- Ensuring near-ubiquitous access and vastly improved quality across the most densely populated urban areas. Among other benefits, the 28 GHz band lets satellite operators deliver the capability to pinpoint configurations of access when demand is at its peak.
- Reducing constraints on access by delivering a wider range
Mapping “Adaptech”: introducing a multi-dimensional map of over 70 digital technologies for climate adaptation
Climate change adaptation has been a significantly underfunded area in low-income countries. At the United Nations Climate Summit in Copenhagen 2009, high-income countries made a pledge to provide US$100 billion per year to low-income countries to help them adapt to climate change and mitigate further rises in temperature. To date this amount of investment has not yet been reached in a single year. Among the investments that have been made, less than 30% have been applied to climate change adaptation with the majority of investments applied to climate change mitigation.
Climate change adaptation helps countries and their citizens to prevent catastrophic effects on lives and property from droughts, floods, cyclones, storms; sea-level rise, increased salination, as well as temperature fluctuations. Investments in climate change adaptation are not some theoretical forward-thinking issue, but can directly save lives …
It is obvious that the DRC’s desire to become a member of the EAC is to tap into the benefits of regional trade, i.e. an expanded market of 300 million people, and to increase Foreign Direct Investment (FDI) through its membership in the EAC bloc. DRC’s capital market remains underdeveloped and consists mainly of the issuance of treasury bonds.
There is no stock exchange in the country and only a small number of private equity firms are actively investing in the mining industry. There are hardly any institutional investors in the DRC except for an insurance company and a state pension fund. The Central Bank of Congo (BCC), developed a market for short-term bonds, which are bought and held by local Congolese banks.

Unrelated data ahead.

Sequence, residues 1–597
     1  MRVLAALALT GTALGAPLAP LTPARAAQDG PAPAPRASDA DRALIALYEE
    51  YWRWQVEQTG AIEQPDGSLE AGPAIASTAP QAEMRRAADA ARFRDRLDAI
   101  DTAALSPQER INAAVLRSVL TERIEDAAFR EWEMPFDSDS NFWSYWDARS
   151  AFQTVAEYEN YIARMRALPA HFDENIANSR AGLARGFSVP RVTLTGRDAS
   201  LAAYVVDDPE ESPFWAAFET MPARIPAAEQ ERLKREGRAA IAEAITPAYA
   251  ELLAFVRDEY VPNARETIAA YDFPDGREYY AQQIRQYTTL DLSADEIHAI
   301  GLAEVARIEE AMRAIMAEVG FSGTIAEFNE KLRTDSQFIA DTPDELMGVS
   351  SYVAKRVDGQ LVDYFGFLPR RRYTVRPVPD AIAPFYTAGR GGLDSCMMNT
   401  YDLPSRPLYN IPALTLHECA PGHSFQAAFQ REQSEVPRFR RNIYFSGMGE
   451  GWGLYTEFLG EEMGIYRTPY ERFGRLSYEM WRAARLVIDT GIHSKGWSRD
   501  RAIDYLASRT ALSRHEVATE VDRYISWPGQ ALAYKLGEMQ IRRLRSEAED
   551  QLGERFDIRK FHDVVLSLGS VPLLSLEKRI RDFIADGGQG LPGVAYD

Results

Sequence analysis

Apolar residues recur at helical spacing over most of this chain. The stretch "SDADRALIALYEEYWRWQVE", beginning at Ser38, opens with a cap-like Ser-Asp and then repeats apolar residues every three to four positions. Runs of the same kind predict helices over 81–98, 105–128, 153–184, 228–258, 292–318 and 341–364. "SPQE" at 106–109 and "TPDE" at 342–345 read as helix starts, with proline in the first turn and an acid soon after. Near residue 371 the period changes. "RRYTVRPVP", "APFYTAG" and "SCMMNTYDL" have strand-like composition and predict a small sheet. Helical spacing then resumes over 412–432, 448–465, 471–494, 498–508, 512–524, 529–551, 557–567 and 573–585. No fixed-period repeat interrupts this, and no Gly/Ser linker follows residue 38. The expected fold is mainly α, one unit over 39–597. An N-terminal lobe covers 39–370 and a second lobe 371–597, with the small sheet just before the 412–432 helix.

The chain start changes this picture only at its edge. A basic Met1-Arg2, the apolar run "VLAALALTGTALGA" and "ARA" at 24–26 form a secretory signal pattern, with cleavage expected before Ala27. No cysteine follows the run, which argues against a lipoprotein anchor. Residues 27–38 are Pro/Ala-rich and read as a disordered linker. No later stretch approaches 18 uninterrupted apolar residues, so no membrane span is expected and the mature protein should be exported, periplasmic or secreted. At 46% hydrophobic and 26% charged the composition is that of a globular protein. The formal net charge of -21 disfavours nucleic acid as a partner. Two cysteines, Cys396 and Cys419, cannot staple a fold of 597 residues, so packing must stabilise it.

The absence of a domestic debt market has meant that the fixed-rate market is limited to government-issued treasury bonds with maturities of up to 28 days traded …
The Vienna World Conference on Human Rights in 1993 was forced to address women’s rights as a human rights issues because of the violence and sexual abuse against women occurring in Yugoslavia at the time.
The Fourth International Women’s Conference was held in Beijing in 1995 made human rights and women’s participation in decision making at all levels key. One of the recommendations was for the countries to have gender desks in the Ministries, Departments and Agencies including Security Services. It cautioned against the specific establishment of Women’s Ministries as these would take gender issues to the periphery as that ministry would be saddled with all matters gender-related.
The conference also discussed the eradication of poverty, women in armed conflict and violence against women. …